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Colombian rebels splintering

This week's hostage rescue illustrates the FARC's disintegration.

July 05, 2008|Patrick J. McDonnell and Chris Kraul | Times Staff Writers

But few see the FARC regaining its lost ground or coming anywhere near achieving its goal of military victory and imposition of some form of communist state. Even former supporters now are increasingly calling for peace talks focusing on fighters' reintegration into society.

Venezuelan President Hugo Chavez, who has denied allegations of bankrolling the FARC, recently called on the group to release all hostages and seek peace talks, without conditions.

"There's no doubt that the FARC has received big blows in the past four years, and this year has been the worst, especially from a public relations perspective," said Vargas. "It would be healthy for its leadership to show some practical sense and see that the most viable option would be a negotiated exit."

Uribe has been open to talks but without FARC preconditions. He long ago rejected earlier government strategies that ceded a Switzerland-sized swath of territory to FARC dominance. The failure of FARC leaders to negotiate seriously then cost them significant public support.

Now Uribe faces a rebel movement that is diminished in strength and struggling with internal divisions.

Some analysts describe a fissure in the FARC since the death this year of long-time leader Pedro Antonio Marin, known by aliases Manuel Marulanda and "Sureshot," who founded the group in 1964. FARC-watchers speculate that his successor, Alfonso Cano, a one-time anthropology student who lacks Marin's peasant pedigree, does not have the rank-and-file support of the legendary founder.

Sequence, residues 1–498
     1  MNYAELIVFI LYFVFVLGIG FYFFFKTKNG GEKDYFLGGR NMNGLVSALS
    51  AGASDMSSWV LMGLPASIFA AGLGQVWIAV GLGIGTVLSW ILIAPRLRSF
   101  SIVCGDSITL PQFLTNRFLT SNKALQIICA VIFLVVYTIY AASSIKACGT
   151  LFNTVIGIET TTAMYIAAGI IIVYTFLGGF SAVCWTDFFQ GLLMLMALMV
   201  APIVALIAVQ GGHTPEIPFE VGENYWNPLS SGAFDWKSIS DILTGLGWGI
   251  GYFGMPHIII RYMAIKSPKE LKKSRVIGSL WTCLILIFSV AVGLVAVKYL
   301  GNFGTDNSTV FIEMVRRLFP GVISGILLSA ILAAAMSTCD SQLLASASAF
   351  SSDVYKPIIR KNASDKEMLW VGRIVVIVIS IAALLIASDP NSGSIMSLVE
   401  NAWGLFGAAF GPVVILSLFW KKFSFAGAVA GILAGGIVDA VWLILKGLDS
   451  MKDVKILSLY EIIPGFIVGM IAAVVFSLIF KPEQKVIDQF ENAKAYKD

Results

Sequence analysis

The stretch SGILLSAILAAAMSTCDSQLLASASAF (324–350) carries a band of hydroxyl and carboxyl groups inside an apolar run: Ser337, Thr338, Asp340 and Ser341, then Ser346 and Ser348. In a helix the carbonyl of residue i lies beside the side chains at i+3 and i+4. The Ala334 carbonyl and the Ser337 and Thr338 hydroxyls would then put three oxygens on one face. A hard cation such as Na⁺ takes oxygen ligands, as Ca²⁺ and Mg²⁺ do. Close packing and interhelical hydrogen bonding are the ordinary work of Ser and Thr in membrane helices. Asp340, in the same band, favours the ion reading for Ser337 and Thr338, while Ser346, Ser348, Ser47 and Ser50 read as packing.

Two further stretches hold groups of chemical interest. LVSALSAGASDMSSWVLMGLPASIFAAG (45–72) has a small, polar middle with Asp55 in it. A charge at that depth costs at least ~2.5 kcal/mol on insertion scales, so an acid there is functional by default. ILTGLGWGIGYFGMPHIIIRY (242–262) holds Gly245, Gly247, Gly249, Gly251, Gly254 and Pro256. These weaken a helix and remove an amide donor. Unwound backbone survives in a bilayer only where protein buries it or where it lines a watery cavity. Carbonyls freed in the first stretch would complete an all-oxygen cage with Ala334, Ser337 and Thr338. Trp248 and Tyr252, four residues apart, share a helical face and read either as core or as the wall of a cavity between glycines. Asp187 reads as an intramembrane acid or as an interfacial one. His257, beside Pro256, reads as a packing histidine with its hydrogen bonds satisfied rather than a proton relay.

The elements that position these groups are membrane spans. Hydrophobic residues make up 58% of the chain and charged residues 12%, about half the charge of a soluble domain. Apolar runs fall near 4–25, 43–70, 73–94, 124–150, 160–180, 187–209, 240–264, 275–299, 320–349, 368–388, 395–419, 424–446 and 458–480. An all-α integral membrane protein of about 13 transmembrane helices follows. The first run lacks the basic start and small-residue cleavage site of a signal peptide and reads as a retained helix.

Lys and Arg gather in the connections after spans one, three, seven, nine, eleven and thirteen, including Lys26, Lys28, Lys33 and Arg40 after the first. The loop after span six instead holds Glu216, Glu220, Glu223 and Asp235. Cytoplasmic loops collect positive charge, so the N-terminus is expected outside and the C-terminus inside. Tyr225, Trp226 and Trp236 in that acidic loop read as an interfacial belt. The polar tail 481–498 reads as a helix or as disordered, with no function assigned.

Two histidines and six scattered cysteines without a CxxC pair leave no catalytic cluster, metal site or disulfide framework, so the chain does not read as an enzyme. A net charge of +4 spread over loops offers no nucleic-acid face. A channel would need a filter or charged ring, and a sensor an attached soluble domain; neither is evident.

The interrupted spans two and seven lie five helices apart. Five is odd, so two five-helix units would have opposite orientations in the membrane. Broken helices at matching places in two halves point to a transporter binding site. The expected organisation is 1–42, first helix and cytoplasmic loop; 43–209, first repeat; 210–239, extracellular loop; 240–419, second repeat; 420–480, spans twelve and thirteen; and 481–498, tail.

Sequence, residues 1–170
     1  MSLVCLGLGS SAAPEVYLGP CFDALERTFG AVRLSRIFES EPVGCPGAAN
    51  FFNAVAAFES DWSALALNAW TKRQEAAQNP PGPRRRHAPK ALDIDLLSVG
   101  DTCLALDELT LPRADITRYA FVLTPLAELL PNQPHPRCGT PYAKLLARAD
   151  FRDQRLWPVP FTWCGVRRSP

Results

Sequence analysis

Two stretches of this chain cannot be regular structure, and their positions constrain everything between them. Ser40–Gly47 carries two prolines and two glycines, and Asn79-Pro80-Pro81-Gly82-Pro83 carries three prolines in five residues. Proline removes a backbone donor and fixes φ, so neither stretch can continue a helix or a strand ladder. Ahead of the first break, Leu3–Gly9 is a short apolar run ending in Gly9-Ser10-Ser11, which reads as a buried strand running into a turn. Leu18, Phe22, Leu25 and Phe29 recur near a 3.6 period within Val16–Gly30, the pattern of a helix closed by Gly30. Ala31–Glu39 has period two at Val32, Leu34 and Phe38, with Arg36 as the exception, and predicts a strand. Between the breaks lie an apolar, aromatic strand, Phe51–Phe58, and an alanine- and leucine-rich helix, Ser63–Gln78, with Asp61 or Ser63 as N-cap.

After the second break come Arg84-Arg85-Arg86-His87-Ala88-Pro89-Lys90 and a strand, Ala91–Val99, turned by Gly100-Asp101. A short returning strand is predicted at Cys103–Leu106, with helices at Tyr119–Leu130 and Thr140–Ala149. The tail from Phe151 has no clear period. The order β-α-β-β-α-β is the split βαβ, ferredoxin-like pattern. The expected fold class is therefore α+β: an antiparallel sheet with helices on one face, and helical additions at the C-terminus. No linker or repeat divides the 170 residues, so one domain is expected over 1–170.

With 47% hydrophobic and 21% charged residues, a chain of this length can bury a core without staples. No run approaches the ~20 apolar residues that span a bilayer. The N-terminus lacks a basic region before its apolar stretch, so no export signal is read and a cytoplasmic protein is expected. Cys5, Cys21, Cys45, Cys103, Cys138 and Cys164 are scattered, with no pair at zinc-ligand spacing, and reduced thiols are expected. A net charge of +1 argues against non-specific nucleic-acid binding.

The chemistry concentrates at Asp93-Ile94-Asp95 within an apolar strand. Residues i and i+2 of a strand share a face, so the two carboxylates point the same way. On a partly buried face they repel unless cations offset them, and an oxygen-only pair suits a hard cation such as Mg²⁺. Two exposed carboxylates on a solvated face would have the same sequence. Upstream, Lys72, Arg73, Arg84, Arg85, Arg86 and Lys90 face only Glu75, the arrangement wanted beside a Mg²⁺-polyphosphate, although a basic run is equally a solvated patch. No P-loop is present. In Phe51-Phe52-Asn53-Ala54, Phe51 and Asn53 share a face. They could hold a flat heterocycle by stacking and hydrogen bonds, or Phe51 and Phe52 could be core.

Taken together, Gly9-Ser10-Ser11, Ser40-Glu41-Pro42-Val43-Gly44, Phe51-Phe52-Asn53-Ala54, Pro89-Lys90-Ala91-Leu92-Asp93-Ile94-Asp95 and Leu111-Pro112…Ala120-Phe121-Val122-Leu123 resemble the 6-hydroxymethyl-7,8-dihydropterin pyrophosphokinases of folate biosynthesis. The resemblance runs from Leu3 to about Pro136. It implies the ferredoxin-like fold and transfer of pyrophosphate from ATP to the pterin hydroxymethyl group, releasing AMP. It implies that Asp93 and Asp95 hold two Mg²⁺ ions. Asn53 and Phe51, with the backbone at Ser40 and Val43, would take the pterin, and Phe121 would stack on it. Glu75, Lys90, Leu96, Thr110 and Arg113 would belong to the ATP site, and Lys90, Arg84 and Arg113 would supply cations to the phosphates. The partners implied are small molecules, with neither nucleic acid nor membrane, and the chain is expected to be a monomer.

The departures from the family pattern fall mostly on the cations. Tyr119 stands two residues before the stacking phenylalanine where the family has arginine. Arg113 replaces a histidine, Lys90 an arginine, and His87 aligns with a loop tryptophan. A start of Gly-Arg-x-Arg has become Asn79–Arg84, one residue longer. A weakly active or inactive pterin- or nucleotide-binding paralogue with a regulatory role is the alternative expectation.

Defectors have described semiautonomous guerrilla bands operating with little direction from top-level commanders. Avila, the operative of the FARC's Front 47, said she had been out of touch with her commanders for more than two years.

Compounding the rebels' isolation is their fear of U.S.-supplied eavesdropping equipment, which has forced commanders to abandon radios, satellite phones and computer communications in favor of couriers who must sometimes travel long distances to deliver messages. That lack of communication was exploited in this week's rescue mission, in which rebels holding the hostages were duped into thinking the captives were being taken to see FARC chiefs.

The leadership's next step remains uncertain. A radio station that often broadcasts rebel views said this week that the group would be open to peace talks with the government. And the Anncol news agency, often seen as a barometer of the FARC's thinking, was quoted from its website by Agence France-Presse as calling for peace.

"Definitely the future of Colombia cannot be civil war," read the Anncol statement. "We call for common sense and to make room for peace."

But officials in Bogota are skeptical that real negotiations are possible anytime soon.

"The FARC is recalcitrant, we'll have to punish them a lot more," said Colombian Gen. Padilla. "They are not prepared to negotiate. Partly because the leadership is split and in disarray. Partly because the leadership doesn't yet see the reality of their difficulties, unlike the soldiers who are living the war every day and are increasingly deserting."




Andres D'Alessandro of The Times' Buenos Aires Bureau contributed to this report.

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